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Oil prices fell on Wednesday, chalking up their fifth straight daily decline, as global markets slid on worries that Britain might leave the European Union.
Crude futures pared losses after U.S. government data showed a draw in crude stockpiles. They briefly clawed back back more ground after the Federal Reserve declined to raise interest rates before extending losses into U.S. crude's settlement.
U.S. crude's West Texas Intermediate ended Wednesday's session down 48 cents, or 1 percent, at $48.01.
futures fell 96 cents, or 1.9 percent, cents at $48.87 a barrel, after trading as low as $48.67 earlier.
U.S. crude stockpiles fell by 933,000 barrels last week, the Energy Information Administration (EIA) said, less than half the 2.3 million-barrel draw anticipated by the market.
"It's a mixed bag," Chris Jarvis, analyst at Caprock Risk Management in Frederick, Maryland, said of the data.
The EIA also reported a bigger-than-expected drawdown in gasoline versus an unexpected build in distillates, which include diesel. U.S. oil production resumed its slide, falling by 29,000 barrels per day, after rising last week, EIA said.
"In short, this data will do little to move the needle in either direction for oil prices and the energy market will continue to get its cue from macro-economic environment and global equity markets," Jarvis said.
Oil prices have declined for the four straight previous sessions, their longest such stretch since February. Crude is down more than 5 percent since hitting 2016 highs of nearly $53 a barrel on supply disruptions mostly out of Nigeria and Canada.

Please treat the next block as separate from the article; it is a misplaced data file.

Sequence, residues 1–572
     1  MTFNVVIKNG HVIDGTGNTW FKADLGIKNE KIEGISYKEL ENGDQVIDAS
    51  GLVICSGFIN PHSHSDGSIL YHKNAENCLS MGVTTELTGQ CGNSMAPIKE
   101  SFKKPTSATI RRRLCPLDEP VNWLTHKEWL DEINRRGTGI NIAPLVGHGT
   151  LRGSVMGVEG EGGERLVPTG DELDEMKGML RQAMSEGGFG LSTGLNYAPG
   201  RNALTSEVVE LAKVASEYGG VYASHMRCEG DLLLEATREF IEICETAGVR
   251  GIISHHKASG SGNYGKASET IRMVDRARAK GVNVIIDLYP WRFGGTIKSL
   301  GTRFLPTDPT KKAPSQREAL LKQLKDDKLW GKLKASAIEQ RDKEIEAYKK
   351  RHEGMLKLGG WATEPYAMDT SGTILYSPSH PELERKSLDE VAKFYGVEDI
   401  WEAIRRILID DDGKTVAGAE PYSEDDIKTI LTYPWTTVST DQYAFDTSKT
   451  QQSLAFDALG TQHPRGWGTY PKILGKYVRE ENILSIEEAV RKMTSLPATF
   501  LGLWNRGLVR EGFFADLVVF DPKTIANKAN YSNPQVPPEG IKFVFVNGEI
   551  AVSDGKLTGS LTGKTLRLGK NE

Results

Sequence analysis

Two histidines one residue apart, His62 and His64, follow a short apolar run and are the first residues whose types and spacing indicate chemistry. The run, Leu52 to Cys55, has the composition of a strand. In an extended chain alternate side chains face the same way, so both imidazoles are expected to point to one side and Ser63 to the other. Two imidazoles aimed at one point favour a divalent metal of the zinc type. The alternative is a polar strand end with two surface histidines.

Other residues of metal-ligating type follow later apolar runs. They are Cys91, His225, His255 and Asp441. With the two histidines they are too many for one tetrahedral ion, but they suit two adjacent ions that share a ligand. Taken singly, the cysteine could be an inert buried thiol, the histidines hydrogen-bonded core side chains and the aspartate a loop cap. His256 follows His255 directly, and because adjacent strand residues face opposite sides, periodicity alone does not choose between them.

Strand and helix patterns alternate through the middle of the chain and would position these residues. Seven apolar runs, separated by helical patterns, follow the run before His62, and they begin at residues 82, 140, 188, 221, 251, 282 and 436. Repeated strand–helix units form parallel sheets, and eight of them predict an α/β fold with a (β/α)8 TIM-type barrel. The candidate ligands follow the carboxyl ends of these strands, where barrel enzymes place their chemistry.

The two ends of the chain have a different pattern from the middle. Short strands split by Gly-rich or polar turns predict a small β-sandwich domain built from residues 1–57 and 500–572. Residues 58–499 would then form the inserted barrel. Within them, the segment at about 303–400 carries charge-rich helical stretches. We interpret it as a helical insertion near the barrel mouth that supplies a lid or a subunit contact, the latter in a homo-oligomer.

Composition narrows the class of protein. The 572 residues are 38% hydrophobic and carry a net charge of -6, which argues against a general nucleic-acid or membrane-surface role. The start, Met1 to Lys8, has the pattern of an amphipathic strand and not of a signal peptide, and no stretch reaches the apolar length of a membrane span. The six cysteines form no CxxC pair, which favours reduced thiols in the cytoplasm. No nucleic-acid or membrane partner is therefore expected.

The dollar dipped against a basket of currencies, but remained close to its highest point since June 3, as investors worried that Britain could vote to leave the EU. A stronger dollar makes crude, priced in the U.S. currency, costlier in the euro and others.
A note by Goldman Sachs weighed on sentiment in oil, with the Wall Street firm saying crude needs to stay within $45-$50 to ensure a supply deficit in the second half of 2016.
Robust demand and production disruptions have helped balance the oil market but this equilibrium will again tip into surplus early in 2017, the International Energy Agency (IEA) said on Tuesday.
There is plenty of oil flowing into the market with Iran's exports on track to hit the highest in almost 4½ years in June, as shipments to Europe recover to near pre-sanctions level, a source with knowledge of the country's crude lifting plans has told Reuters.